TINKER AIR FORCE BASE, Okla. — Distracted driving has become an epidemic in the United States, and its often fatal consequences are a threat to everyone.
What is “distracted driving”? The definition is “driving while doing another activity that takes your attention away from driving.”
The human toll is tragic. In the U.S., around nine people are killed each day in distracted driving crashes. That’s nine people too many!
The Department of Transportation reports that in 2012, 3,328 people were killed in crashes involving a distracted driver. An additional 421,000 people were injured in motor vehicle crashes involving a distracted driver in 2012, a 9 percent increase from the 387,000 people injured in 2011.
In 2013, 3,154 people died in crashes linked to distraction and thousands more were injured. This represented an approximate 6.7 percent decrease in the number of fatalities recorded in 2012. Unfortunately, approximately 424,000 people were injured, which is an increase from the number of injuries in 2012.
Drivers in their 20s make up 27 percent of the distracted drivers in fatal crashes.
Additionally, at any given daylight moment across the U.S., approximately 660,000 drivers are using cellphones or manipulating electronic devices while operating a vehicle. That number has held steady since 2010.
“Texting while driving” has become such a prominent hazard that 46 states — in addition to Washington D.C., Puerto Rico, Guam and the U.S. Virgin Islands — now ban text messaging for all drivers. The most recent state to ban texting while driving is Oklahoma. Of the four states without an all-driver texting ban, two prohibit text messaging by novice drivers and one restricts school bus drivers from texting.
Fourteen states, D.C., Puerto Rico, Guam and the U.S. Virgin Islands prohibit drivers of all ages from using handheld cellphones while driving.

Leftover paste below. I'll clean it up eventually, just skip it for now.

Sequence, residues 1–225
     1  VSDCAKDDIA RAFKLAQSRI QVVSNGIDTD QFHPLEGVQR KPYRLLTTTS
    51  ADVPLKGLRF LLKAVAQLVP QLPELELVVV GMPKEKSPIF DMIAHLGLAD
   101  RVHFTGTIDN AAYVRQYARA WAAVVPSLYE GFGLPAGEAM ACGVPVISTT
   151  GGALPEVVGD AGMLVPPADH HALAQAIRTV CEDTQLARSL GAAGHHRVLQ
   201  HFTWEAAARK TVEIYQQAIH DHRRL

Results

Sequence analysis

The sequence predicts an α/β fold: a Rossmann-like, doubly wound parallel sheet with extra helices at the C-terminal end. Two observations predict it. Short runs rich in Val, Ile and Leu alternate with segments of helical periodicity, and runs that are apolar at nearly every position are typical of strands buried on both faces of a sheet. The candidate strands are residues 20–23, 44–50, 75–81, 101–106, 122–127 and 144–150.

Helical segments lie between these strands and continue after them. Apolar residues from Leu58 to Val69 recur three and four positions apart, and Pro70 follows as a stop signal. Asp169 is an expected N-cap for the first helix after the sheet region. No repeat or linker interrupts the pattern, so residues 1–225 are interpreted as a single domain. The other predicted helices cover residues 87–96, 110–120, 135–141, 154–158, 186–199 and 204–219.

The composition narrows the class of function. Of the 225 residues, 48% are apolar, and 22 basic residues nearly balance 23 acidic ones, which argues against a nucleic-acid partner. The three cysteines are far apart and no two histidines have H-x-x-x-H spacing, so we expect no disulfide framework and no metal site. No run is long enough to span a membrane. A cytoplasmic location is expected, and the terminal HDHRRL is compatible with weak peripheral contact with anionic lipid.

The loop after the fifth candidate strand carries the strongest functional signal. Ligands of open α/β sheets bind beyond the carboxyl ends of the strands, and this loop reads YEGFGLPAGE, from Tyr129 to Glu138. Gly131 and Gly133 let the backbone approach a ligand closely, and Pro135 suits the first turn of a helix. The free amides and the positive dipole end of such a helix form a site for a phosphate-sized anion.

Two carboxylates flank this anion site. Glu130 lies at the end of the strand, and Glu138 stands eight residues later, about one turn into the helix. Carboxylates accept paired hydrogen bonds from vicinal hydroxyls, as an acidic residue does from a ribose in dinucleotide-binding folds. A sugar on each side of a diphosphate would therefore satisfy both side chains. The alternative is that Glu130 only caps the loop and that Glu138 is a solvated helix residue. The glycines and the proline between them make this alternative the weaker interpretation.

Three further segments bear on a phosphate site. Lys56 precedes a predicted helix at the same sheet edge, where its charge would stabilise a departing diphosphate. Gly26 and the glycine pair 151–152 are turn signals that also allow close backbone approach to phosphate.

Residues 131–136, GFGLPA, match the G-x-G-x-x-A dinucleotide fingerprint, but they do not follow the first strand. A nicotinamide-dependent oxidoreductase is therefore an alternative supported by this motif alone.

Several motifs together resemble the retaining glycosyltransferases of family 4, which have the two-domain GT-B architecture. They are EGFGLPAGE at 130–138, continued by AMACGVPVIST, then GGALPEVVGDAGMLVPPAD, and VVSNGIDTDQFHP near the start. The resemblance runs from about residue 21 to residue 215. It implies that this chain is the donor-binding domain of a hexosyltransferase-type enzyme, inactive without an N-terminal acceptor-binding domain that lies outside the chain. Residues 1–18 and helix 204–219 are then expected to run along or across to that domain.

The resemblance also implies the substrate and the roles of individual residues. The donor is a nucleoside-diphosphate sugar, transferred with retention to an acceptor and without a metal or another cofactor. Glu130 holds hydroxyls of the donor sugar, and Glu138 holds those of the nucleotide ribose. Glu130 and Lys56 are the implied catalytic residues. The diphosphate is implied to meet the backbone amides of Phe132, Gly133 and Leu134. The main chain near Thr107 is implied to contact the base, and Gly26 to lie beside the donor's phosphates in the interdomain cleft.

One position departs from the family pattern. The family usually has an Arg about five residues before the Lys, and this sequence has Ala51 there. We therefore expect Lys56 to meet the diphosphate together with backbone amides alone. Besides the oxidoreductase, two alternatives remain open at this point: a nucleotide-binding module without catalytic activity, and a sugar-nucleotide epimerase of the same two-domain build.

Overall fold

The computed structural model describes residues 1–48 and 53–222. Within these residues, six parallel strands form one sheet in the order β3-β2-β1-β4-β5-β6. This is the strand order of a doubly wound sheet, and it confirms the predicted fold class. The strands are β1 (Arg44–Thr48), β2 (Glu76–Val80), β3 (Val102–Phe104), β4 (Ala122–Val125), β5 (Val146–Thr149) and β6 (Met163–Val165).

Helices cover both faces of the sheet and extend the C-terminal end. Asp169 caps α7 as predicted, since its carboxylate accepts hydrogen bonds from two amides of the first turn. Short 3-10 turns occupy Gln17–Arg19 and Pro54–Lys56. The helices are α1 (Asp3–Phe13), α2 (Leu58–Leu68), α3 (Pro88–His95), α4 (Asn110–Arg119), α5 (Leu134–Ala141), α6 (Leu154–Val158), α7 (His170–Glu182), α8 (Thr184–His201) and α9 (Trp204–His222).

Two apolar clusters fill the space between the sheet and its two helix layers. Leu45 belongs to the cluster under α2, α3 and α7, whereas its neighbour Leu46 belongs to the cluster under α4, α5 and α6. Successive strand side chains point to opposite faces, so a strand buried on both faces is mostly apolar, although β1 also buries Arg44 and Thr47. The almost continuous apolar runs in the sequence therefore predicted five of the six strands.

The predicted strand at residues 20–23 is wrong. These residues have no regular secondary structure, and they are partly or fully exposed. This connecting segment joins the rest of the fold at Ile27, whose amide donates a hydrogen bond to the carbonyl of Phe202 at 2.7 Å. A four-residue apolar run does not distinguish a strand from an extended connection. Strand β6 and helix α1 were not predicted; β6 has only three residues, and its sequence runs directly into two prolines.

Operating a vehicle safely is a primarily visual task. Nondriving activities conducted from behind the steering wheel that draw the driver’s eyes away from the roadway must always be avoided.
There are three main types of distraction:
• Visual — taking your eyes off the road
• Manual — taking your hands off the wheel
• Cognitive — taking your mind off the task at hand (operating the vehicle safely)
Additional distracting activities include, but are not limited to:
• Using a cellphone and/or texting
• Eating and drinking
• Talking to passengers
• Reading, including maps
• Using a PDA or navigation system
• Watching a video
• Changing the radio station, CD or MP3 player
• Driving while angry
• Engaging in visual-manual subtasks (such as reaching for a phone, dialing and texting) associated with the use of handheld phones and other portable devices increased the risk of getting into a crash by three times. Five seconds is the average time your eyes are off the road while texting. When traveling at 55 mph, that is enough time to cover the length of a football field blindfolded.
Bear in mind that headset cellphone use, or what is commonly referred to as “hands-free” is NOT substantially safer than handheld usage.
Focus on the task at hand — driving:
• Get familiar with vehicle features and equipment before pulling out into traffic.
• Preset radio stations, MP3 devices and climate control.
• Secure items that may move around when the car is in motion. Do not reach down or behind the seat to pick up items.
• Do not text, access the Internet, watch videos, play video games, search MP3 devices, or use any other distracting technology while driving.
• Avoid smoking, eating, drinking and reading while driving.
• Pull safely off the road and out of traffic to deal with children.
• Do personal grooming at home — not in the vehicle.
• Review maps and driving directions before hitting the road.
Monitor traffic conditions before engaging in activities that could divert attention away from driving.
• Ask a passenger to help with activities that may be distracting.
• If driving long distances, schedule regular stops, every 100 miles or two hours.
• Travel at times when you are normally awake and stay overnight rather than driving straight through.
• Avoid alcohol and medications that may make you drowsy.
Remain focused on staying alive and the Air Force’s Quest-for-Zero goals while behind a steering wheel and operating a vehicle. This article is in support of the Air Force’s Distracted Driving Campaign.
Some thanks to www.distraction.gov, www.michigan.gov, www.cdc.gov and NHTSA